Obama’s Injustice Department

Inscription on the U.S. Dept of Justice Building

Inscription on the U.S. Dept of Justice Building

As U.S. Senators take up the nomination of Loretta Lynch for Attorney General, they should keep an eye across the country on the scandal enveloping now-former Oregon Governor John Kitzhaber.  At first glance, these two unfolding political dramas might seem as far apart as “the east is from the west,” but a closer examination reveals a troubling common undercurrent.

First, let’s look at Lynch, whose refusal to criminally prosecute “too big to indict” banks — including those with ties to drug and terrorist organizations — has prompted intense GOP scrutiny of her nomination.  More disturbingly, Lynch has vowed to implement Barack Obama’s unconstitutional executive amnesty provisions — flatly rejecting the very rule of law she has sworn to uphold and enforce.  Clearly, her nomination should be a non-starter on that basis alone — but the real issue here isn’t so much Lynch’s unfitness for office as it is the culture of corruption from which she was spawned.

No agency — not the EPA, IRS nor NSA — epitomizes the rogue “thugocracy” of Obama’s Administration more than the U.S. Department of Justice.  And it’s not just the agency’s headline-grabbing lawlessness — like the “Fast and Furious” gun-running scandal or its repeated efforts to spy on journalists.  There’s a root evil at work — a fundamental hypocrisy that’s much darker and far more sinister.

Ted Cruz 2016


That evil?  The rising tide of unequal justice: Agenda-driven law enforcement that’s willing to overlook real crime on the one hand while manufacturing scandals out of thin air on the other — all depending on partisan calculation and ideological impact.

Which leads us to Kitzhaber and his fiancée Cylvia Hayes — who according to news reports was paid nearly $150,000 over a two-year period by a pair of environmental groups.  Both of these groups hired Hayes on the advice of Kitzhaber staffers — and both were actively seeking to influence his administration on energy policy (an office where Hayes just so happened to work as an unpaid advisor).

Compounding the scandal?  Hayes doesn’t appear to have fully accounted for the money she received from these environmental groups on her tax forms — while Kitzhaber had similarly failed to provide a full accounting on state ethics filings.

Woodrow Wilcox


At a minimum, this was influence peddling of the very worst sort — part of a disturbing pattern of Kitzhaber using public resources and personal power to obtain private benefits for his partner.  Kitzhaber’s fellow Democrats turned on him in the wake of the scandal, with even the liberal Oregonian newspaper — which had typically championed his views — calling on him to step down.

“Your once-admirable legacy has become soiled by your refusal to recognize and rectify wrong turns,” the paper’s editorial board wrote prior to Kitzhaber’s resignation.

“Who knew following the trail of ‘clean energy’ money could make you feel so dirty?” the Oregonian editorial added.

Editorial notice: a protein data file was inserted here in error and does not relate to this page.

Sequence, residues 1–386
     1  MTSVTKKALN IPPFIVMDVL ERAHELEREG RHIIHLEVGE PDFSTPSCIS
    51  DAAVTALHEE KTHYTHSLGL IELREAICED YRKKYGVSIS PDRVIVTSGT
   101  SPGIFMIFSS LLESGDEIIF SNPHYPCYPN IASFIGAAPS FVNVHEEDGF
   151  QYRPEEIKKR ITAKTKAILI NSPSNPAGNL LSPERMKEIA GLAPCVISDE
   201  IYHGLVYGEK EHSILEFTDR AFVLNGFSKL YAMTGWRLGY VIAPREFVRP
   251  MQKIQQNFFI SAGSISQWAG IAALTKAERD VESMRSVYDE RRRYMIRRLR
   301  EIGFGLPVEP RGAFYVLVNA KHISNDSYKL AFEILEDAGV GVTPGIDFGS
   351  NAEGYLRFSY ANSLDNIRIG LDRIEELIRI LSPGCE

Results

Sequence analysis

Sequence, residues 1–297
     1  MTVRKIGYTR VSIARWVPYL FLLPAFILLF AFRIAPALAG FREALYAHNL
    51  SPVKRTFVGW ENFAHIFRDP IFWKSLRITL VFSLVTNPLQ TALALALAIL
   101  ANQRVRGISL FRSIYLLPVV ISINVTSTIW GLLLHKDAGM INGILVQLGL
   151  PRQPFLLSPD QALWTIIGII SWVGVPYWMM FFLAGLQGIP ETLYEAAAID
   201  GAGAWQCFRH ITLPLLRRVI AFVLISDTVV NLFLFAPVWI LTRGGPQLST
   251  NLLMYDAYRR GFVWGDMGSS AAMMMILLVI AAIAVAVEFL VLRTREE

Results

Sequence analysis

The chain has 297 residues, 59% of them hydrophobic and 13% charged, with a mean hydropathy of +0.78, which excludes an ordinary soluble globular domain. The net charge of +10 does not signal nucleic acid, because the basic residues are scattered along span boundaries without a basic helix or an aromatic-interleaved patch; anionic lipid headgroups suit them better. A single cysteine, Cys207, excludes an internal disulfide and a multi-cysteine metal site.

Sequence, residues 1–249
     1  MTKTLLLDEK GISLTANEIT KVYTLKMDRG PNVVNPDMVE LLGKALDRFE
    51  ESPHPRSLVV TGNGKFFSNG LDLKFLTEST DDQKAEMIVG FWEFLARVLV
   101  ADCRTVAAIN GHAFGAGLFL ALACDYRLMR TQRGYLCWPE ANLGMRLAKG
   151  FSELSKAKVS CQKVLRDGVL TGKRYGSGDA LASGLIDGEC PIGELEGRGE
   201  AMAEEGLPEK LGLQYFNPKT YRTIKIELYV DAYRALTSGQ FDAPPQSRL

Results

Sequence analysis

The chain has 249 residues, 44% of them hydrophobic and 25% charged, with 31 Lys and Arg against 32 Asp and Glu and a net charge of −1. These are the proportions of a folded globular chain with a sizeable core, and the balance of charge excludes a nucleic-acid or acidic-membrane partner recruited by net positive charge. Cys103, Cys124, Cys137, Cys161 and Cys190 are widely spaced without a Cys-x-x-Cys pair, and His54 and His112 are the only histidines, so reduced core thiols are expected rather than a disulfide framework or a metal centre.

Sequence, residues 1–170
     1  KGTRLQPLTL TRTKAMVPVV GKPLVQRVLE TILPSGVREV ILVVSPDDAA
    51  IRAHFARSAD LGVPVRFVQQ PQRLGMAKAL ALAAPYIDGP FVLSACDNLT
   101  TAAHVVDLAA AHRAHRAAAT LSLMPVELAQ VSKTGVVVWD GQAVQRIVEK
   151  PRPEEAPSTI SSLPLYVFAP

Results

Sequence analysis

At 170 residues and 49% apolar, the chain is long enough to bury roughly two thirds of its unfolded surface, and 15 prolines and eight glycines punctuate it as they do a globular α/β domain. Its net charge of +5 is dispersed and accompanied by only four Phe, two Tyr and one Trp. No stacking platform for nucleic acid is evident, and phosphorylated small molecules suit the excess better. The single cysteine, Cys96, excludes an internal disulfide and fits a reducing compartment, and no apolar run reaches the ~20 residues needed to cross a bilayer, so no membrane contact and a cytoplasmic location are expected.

As far as Obama’s Administration is concerned, though, even in light of the resignation, there is no trail to follow in Oregon.  Just as there was no trail to follow in Virginia over Democratic Governor Terry McAuliffe’s “green visa scam” — in which the former DNC chairman made millions of dollars effectively selling permanent U.S. residency to wealthy foreign investors.  Of course, former Virginia Governor Bob McDonnell, a Republican, received a sentence of two years in jail for accepting $120,000 in gifts — most of which accrued to the benefit of his wife (and all of which he repaid).

Why was McDonnell tarred and feathered for nebulous gifts — while McAuliffe and Kitzhaber got off scot-free and have evaded federal prosecution when real corruption was involved?

That’s a good question.  In fact, it’s one U.S. Senators should pose to Lynch as she tries to defend her enforcement of Obama’s blatantly unconstitutional amnesty edicts — or her own “too big to indict” policy.  They should ask her: Is there also a “too green to indict” policy?  Or a “too Democratic to indict” policy? Because it certainly seems as though the Justice Department’s pursuit of its stated objective is sinisterly selective — and far from blind.

This article is printed with the permission of the author(s). Opinions expressed herein are the sole responsibility of the article’s author(s), or of the person(s) or organization(s) quoted therein, and do not necessarily represent those of American Clarion or Dakota Voice LLC.

Comment Rules: Please confine comments to salient ones that add to the topic; Profanity is not allowed and will be deleted; Spam, copied statements and other material not comprised of the reader’s own opinion will be deleted.

Similar Posts:

Bill Wilson is a member of the board of directors of Americans for Limited Government.Americans for Limited Government is dedicated to putting the principles of limited government into action. They work with local groups across the nation to promote freedom, limited government, and the principles of the U.S. Constitution. Their goal is to harness the power of American citizens and grassroots groups in order to put the people back in charge in states across the country.
Bill Wilson
View all articles by Bill Wilson
Leave a comment with your Facebook login
Print Friendly


Comments are closed.